A very long time ago, back in the graveyard, I mentioned the legendary voice acting in Silent Hill 2! That’s when you met Angela, who’s looking for her missing mother and warns you that there’s something very wrong with the town. Taken out of context, and, admittedly, the first couple of times you come across any of the conversational cut-scenes, you’re going to find the voice-acting jarring. On one hand I can forgive it a bit – these were the pioneer days of this kind of thing! But on the other, by today’s standards, it’s comical, to the point it was all re-recorded in 2012 for the PlayStation 3 HD Collection. But you do also get used to it, and you stop noticing it as it becomes normal to you, and you’ll soon forget it as a possible detraction – in fact, the strange pacing and sometimes primary school nativity play delivery could even be argued to add something other-worldly to these personal… No, we’ll come back to that! But the HD Collection voice-acting stinks even worse – nothing other-worldy here, just weird and a bit disrespectful!

One thing you’ll never get used to is the amount of vomiting that’s going on the first time you meet Eddie Dombrowski, hunched over a disgusting toilet after he’s found a corpse in a disgusting fridge in a disgusting apartment. And the vomiting goes on and on and on! The gluttonous, paranoid Eddie has been bullied to hell all his life to the point that he’s killed a dog and shot a footballer in the knee for revenge reasons, and as defensive as he is about the corpses piling up around him, he’s come to Silent Hill to reach breaking point. “From now on, if anyone makes fun of me I’ll kill them. At least a corpse is more useless than I am.”

As there’s only a couple more characters, and because they’re, well, you’ll see, we’ll quickly cover the other people you meet on your travels through Silent Hill 2. Back to Angela, after the initial warning shot in the graveyard, our next meetings start to expose one of the most tragic characters you will ever come across in any form of media, let alone in video games. Lifelong abuse by her alcoholic father and her brother, which is justified as being deserved by her mother, culminated in her slitting her father’s throat, then spiralled into all kinds of guilt, zero self-worth and suidicidal depression, which promises both the escape and the punishment she also now feels she deserves. She’s left disgusted at herself by both her actions and those of her abusers. And eventually, after sharing her Otherworld for the last time, we’re left to assume that she finally found peace. And let’s remind ourselves, all of this in a 2001 video game. Good on you for being so bold so long ago, Konami!

Just when you think you’re making some progress in the game’s first building, along comes a little girl and puts a stop to it! This is Laura, an eight-year old orphan who’s also somehow found her way to Silent Hill to look for her friend from a time she spent in hospital, Mary – yes, your dead wife Mary – though she doesn’t know she’s dead yet. You’ll meet up with her all over Silent Hill, alone and with some of the other characters, and all the time you’re wondering how? And how? And how…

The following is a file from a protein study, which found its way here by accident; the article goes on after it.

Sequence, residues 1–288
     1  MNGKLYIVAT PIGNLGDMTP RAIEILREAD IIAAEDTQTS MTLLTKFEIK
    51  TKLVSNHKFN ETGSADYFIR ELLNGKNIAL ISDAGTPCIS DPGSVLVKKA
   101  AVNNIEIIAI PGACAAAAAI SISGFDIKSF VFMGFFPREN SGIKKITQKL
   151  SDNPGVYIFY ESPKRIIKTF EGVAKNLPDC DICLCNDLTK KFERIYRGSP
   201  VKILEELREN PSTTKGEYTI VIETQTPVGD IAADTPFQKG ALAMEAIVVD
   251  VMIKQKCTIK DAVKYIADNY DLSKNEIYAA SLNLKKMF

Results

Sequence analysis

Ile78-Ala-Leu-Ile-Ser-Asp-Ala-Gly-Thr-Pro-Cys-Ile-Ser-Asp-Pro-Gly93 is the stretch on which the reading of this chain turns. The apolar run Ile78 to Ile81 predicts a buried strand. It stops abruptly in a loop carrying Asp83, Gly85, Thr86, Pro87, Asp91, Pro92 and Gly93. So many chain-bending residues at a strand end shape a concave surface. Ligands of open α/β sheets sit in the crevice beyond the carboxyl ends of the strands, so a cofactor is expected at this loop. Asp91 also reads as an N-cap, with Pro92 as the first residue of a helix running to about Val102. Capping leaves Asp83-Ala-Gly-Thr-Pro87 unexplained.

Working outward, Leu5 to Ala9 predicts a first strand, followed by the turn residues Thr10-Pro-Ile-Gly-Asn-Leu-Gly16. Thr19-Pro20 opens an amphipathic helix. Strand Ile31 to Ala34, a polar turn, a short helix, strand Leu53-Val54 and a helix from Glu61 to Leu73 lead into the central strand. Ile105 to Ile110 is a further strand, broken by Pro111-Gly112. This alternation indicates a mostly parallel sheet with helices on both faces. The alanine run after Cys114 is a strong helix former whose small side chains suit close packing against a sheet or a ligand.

Finally, still relatively early in the game when you’ve made it through the apartments where you’ve met the others, you make it to Rosewater Park and there you meet Maria. Maria is a slutted-up version of Mary. She looks and sounds just like her, but the hair and clothes are like a fantasy Mary to James, and he doesn’t know whether to be scared or attracted, and is generally confused from hereon in! Maria end ups being both guardian angel and antagonist, and also ends up very dead several times!

At which point it’s probably an idea to talk about the other inhabitants of Silent Hill – the monsters! There’s clearly sexual overtones pretty much everywhere you look here, with possibly the least messed up being the bubble head nurses, with legs and cleavage everywhere, mangled oversized heads and epileptic movements. The Flesh Lips are masses of meat attached to a cage-like bed, complete with what appear to be vaginal lips mouthing animal abuse above the hanging legs that are going to strangle you. The mannequins are headless and armless dummies with two sets of legs (one for walking, one for killing) in some kind of putrid skin ensemble that covers the joins! Then there’s insects and a various humanoids that are all skin and sinew but with too many or too few of any given appendage. But then we get to the really nasty stuff. Abstract Daddy comes in both boss then lesser form at various points, and seems to be a combination of two figures on a bed frame wrapped in a covering of skin, intertwined to represent both rape and suffocation, highlighting that this is potentially James’ perception of Angela’s Otherworld rather than being a part of it. Maybe?